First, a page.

Over 70% of respondents to the Reunions magazine surveys report devoting two or more days to their reunion. Typically reunions start on Friday and last through Sunday, though some families stay longer. One whole week is not unusual. If members travel any distance, a longer stay makes the effort worthwhile with time to visit and relax before the return journey. The Seideman Family Reunion in Newburg, Wisconsin, has grown to an annual average of 400-600 descendants of Friedrich Seideman. They require a couple of days to set up a barn filled with a fascinating collection of family and farming history as well as games, a talent show, contests and food. They celebrated their 75th consecutive reunion in 2008.
How often should you meet? Reunion frequency is an individual decision. Reunions are not inexpensive so time to save is essential. A surprising 46% of families make the reunion an annual event while 28% choose two years between reunions. The ones who wait five years may increase frequency for special reasons like significant anniversaries or members being ill and unlikely to make the next reunion. Frequency is also a serious consideration for the reunion organizer. One year passes rapidly while two years allow for some extra breathing room.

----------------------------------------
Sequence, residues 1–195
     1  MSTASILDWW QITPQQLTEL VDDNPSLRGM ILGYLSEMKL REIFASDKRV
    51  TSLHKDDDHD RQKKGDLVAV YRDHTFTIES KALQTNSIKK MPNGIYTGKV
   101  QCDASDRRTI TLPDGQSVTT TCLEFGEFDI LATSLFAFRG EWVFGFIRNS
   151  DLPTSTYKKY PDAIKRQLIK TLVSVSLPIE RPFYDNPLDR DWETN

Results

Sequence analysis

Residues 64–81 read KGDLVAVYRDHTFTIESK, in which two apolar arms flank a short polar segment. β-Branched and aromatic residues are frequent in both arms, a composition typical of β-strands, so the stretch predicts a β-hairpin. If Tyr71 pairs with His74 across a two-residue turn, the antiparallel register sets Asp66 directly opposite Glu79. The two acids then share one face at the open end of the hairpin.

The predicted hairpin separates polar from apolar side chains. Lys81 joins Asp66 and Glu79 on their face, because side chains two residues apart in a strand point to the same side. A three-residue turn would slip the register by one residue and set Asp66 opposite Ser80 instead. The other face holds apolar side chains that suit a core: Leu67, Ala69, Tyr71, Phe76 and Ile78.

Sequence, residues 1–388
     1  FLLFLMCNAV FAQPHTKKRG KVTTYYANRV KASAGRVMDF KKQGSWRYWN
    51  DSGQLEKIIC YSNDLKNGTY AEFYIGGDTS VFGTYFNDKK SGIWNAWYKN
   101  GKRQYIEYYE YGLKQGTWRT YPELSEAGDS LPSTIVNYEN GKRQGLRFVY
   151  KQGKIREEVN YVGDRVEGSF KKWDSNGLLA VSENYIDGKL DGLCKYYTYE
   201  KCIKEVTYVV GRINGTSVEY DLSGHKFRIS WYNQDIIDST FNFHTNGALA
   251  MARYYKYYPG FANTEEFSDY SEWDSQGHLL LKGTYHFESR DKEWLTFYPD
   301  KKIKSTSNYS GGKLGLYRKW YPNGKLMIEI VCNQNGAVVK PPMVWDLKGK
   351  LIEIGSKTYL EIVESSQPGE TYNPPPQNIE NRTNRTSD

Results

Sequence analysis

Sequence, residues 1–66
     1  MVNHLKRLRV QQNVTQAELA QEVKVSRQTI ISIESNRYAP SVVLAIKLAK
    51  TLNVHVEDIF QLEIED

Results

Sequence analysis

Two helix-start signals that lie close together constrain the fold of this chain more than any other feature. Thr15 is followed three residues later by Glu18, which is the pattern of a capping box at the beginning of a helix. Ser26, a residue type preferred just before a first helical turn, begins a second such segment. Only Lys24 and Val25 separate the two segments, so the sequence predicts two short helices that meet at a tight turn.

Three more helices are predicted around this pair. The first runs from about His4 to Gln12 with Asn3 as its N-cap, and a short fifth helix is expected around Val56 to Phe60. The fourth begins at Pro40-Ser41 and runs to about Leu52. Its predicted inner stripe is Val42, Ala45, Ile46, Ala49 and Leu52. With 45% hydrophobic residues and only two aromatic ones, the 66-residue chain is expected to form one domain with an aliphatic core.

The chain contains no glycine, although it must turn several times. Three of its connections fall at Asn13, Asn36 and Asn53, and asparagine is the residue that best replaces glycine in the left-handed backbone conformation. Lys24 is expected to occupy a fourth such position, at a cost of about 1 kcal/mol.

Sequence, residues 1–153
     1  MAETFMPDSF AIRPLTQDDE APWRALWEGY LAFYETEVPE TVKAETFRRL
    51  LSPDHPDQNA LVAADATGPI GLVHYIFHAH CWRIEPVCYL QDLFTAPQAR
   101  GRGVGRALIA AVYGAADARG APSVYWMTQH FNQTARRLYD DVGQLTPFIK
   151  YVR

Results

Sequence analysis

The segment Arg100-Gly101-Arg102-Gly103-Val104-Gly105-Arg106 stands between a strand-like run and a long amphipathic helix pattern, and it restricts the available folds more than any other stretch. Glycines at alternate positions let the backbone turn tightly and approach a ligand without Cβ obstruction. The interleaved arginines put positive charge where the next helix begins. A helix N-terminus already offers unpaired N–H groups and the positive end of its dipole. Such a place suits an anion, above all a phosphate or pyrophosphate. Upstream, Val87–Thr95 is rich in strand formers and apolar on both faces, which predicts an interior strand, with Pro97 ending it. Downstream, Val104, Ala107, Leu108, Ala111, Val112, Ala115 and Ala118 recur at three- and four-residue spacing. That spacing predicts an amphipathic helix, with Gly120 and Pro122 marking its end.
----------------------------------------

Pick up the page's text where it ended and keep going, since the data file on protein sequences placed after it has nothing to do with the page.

Timing is everything
When you have your reunion may seem to be easy for some, but for others it may be one of the biggest decisions to make.
A very important rule of reunion timing is that you pick a date and stick to it. For many reunions some people may not be able to come the date you pick but if you change it for person, many others will have the same problem with your new date. Once you’ve announced the date, do not change it … you will save yourself many headaches.
It’s all in the timing
Barbara Taylor reported that many members of her Taylor Family Reunion (ages one year to 85) live around the country and have time off during the year end holidays because they’re teachers. Others hold vacation time until Christmas. Their reunions have been at state parks, hotels and condos. They enjoy eating out and being together for two or three nights after Christmas. Two of the families pay for their children and family’s cost as part of their Christmas gift.
Same time year after next
Karen Reinboldt Loppnow wrote: